Alcoholic beverages in Japan, Sake and Shochu
HOME About Japan Food

Alcoholic beverages in Japan

About alcoholic beverages in Japan


When you travel in Japan, you can drink beer, wine and whisky.
Additionally, you can enjoy the traditional Japanese alcoholic beverages.

Major Japanese liquor is "Sake" and "Shochu".

Sake is the alcoholic beverage made by fermentation, and Shochu is distilled alcoholic beverage.
You can drink sake at most restaurants or all Japanese style pubs, and you can enjoy shochu at many pubs.

In passing, if you are under 20 years old, you must not drink alcoholic beverage in Japan.
Of course, if you have drunk, you never drive a car.

Sake (Nihonshu)

Sake (rice wine) dedicated to the shrineSake (rice wine) dedicated to the shrine, Photo by coniferconifer

I guess that you understand that "Sake" is the most common traditional liquor.

That's right.
But "sake" in Japanese commonly means all types of alcoholic beverage.

So we call it "Nihonshu" (means Japanese liquor) when we differentiate from other liquors.
In this section, I write about Sake of Nihonshu.

Sake is produced by the multiple parallel fermentation of polished rice.
Therefore, it is often translated as "rice wine".

The alcohol content of Sake is higher at 15 to 16 % than beer (4 to 6 %) or wine (12 to 15 %).

The sake which we usually drink is clear and colorless.
And it has a little sweet scent and taste.

For making sake, rice and nice water are needed.
The rice for Sake is different from the rice as staple food.

Fortunately, both are gotten in various regions in Japan.
So there are 2,000 brewers all over Japan.

To know Sake more, please check the following websites.

Japan Sake brewers Association Sake World

How to enjoy sake

Tokkuri and Choko

We can enjoy sake cold, hot and room-temperature.

When we order hot sake, usually it is served in ceramic flasks called Tokkuri.
Usually, the capacity of a Tokkuri is about 180 ml to 360 ml.

Tokkuri filled with sake are put in hot water to heat up before serving.
Then, the tokkuri is served to you.
Pour into small shallow cups (It is called Choko) and drink.

The temperature of hot sake ranges from 35 to 60 degrees Celsius.
The heating is called "Kan" and the heated sake is called "Kan-zake".

When we order cold or room-temperature sake, generally it is served in chilled glass tokkuri. Probably choko are also glassware.
It provides cooling sensation.

The non-heated sake is called "Hiya-zake", and chilled sake is called "Reishu".

Chilled sake is often drunk in summer, but we can enjoy both hot sake and cold sake through all season.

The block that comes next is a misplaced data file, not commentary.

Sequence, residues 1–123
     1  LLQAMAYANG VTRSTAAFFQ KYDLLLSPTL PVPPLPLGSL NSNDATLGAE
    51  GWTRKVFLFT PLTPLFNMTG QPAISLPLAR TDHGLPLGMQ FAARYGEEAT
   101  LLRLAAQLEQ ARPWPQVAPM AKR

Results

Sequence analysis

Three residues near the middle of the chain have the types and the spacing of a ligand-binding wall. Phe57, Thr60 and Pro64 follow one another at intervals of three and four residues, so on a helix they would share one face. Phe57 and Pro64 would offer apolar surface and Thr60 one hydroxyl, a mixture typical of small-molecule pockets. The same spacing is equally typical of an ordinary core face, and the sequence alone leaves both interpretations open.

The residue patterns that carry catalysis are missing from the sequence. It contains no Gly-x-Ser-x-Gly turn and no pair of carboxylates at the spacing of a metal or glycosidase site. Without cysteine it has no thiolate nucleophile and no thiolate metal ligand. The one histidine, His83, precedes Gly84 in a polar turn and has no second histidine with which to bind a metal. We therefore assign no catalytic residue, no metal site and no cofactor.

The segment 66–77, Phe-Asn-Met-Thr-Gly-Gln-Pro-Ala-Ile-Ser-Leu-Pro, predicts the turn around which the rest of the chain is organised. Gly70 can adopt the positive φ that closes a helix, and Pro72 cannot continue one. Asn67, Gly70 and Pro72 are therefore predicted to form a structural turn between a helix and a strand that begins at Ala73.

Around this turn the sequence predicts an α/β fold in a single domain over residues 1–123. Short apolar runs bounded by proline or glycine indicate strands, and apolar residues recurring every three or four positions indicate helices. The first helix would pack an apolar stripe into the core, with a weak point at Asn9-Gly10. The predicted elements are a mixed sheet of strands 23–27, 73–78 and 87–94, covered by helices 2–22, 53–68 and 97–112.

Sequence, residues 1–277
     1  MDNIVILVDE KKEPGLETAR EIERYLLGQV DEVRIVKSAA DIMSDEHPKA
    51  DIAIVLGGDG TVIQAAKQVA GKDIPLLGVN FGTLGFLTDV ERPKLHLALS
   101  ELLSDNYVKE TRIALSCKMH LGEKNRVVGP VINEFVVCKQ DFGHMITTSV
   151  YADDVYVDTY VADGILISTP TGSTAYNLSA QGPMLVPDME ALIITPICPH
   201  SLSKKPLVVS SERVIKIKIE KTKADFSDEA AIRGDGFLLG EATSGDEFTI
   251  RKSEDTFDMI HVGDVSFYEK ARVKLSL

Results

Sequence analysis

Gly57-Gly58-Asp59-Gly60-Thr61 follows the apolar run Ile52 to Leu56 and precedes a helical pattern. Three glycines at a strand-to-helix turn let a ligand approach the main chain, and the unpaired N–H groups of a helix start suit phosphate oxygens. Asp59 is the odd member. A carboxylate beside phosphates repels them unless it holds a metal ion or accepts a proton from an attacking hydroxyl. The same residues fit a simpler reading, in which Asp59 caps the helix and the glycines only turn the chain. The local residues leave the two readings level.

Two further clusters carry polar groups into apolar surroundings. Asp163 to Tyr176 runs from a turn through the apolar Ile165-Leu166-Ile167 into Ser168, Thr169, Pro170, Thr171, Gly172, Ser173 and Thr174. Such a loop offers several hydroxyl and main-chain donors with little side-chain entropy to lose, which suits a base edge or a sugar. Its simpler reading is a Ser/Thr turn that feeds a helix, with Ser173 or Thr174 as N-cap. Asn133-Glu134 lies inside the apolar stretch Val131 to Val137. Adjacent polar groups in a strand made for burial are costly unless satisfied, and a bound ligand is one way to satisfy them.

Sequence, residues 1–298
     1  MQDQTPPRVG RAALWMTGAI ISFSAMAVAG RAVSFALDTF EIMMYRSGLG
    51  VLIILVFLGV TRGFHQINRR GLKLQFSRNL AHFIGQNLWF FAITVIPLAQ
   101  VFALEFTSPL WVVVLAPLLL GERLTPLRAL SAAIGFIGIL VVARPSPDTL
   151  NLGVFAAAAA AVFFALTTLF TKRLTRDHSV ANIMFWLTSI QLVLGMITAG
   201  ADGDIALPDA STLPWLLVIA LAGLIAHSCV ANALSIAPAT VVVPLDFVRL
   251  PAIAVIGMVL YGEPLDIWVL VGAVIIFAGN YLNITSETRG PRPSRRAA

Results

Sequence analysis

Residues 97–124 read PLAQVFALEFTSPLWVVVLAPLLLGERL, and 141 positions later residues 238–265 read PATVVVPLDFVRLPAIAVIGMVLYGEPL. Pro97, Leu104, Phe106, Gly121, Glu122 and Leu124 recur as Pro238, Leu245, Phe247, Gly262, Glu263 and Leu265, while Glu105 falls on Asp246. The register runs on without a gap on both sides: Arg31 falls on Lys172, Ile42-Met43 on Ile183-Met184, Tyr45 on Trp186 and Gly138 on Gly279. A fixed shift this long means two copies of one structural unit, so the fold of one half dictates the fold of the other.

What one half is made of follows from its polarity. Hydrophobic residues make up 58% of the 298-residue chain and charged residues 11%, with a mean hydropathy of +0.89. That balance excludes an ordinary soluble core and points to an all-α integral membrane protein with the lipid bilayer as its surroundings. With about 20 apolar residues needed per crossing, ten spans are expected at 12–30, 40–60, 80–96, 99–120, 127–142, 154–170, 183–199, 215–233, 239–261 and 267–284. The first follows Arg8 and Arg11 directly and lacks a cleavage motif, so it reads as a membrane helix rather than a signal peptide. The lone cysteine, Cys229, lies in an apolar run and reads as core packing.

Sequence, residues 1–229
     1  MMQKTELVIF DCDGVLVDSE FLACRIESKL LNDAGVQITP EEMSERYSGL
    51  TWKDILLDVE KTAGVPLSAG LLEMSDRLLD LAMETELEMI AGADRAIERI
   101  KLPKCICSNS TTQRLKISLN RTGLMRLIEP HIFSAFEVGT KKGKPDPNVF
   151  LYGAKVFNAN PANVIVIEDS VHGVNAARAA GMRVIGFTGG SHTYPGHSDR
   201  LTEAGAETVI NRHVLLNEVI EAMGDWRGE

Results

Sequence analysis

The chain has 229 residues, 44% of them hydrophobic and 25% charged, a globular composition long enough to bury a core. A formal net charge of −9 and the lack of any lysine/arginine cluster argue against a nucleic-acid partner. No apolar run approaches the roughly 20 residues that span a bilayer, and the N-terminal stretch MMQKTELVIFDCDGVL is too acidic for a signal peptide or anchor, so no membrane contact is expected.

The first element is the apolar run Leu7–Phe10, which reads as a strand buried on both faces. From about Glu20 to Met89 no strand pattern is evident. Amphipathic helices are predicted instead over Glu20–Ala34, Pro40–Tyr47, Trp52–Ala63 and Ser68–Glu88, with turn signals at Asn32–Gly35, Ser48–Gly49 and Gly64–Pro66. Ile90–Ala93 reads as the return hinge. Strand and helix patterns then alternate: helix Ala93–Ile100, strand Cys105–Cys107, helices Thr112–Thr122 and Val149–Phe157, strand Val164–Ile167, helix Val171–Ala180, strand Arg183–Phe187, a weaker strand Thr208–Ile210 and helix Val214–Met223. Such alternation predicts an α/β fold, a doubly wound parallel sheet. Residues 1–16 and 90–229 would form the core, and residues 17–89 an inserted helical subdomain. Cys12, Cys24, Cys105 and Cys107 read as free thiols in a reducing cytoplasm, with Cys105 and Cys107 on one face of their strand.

Shochu & Awamori

Shochu on the rocks

Shochu is the liquor made by fermenting grain or sweet potato.

Over 95% of Shochu is produced in Kyushu Island and Okinawa Islands, because the climate is warm and unfits for making Sake.

Main ingredients are rice, wheat, buckwheat or sweet potato.
In Amami Islands between Kyushu and Okinawa, brown sugar made from sugar cane is also used.

Shochu is clear and colorless and has a distinctive smell according to the ingredient.
The alcohol content of general shochu is about 20 to 25 %, and it is lower than whisky or brandy.

Specially the shochu made in Okinawa region is called Awamori, and it is a well-known brand in Japan.

Awamori has different flavor from Shochu, and there are some products with higher alcohol content than Shochu.

How to enjoy shochu and awamori

You can drink Shochu and Awamori straight or on the rocks.
But many people drink it with hot water or cold water.

When you order Shochu at pub, a waiter asks you how to drink.
Tell him that you want to drink straight, on the rocks, with cold water or hot water.

In many cases, the waiter brings a bottle of Shochu/Awamori, glasses, crushed ice and cold water, or a pot filled with hot water.
At that case, make yourself a glass of favorite drink on your table.



Umeshu is most popular Japanese liqueur, and is made from steeping ume fruits (Japanese apricot) in Shochu and sugar.

It has a sweet, refreshing and sour fruity taste. And the color is amber like whisky.

Many people also make their own Umeshu at home.
It is the only fruit liquor which Japanese people can make at home legally.

You can get the Umeshu producted by breweries at any liquor store.

In pubs or restaurants, Umeshu on the rocks and "Umeshu Sour" (Umeshu with soda water) are popular favorites.

Chuhai or Sour


Chuhai is the shochu with soda water, and a flavor is mixed into it.

You can choose from some flavors such as lemon juice, grapefruit juice, umeshu, oolong tea and so on.

It is refreshing drink, and you can drink at Japanese style pubs.

This drink is also called "Sour".

Other popular liquors


Beer is most popular drink in Japan and the consumption is overwhelmingly more than sake.

When we join a drinking party, we always start with toasting with a glass of beer.

In Japan there are five major breweries: Asahi, Kirin, Sapporo, Suntory and Orion. (Orion Beer is sold in only Okinawa region.)

And, there are about 200 local breweries and the unique beer is sold in the limited area.

Beer Brewers Association of Japan


Wine is a little fancy liquor for Japanese people.

So we don't have so much opportunity to drink wine as beer or sake.
But there are not a little wine lovers in Japan.

Generally, we can drink wine at western style restaurants or pubs.

In Japan, nice wine is produced in mainly Yamanashi Prefecture and Hokkaido region.

Japan Wineries Association


Whisky is also beloved of many Japanese for a long time.
Generally it is drunk on the rocks or with water.

It is served at not only bars but also Japanese style pubs.
Especially, "Highball" which is a drink with whisky and soda is popular.

In Japan, there are two major whisky breweries: Suntory and Nikka.

Suntory Nikka Whisky

Return to Food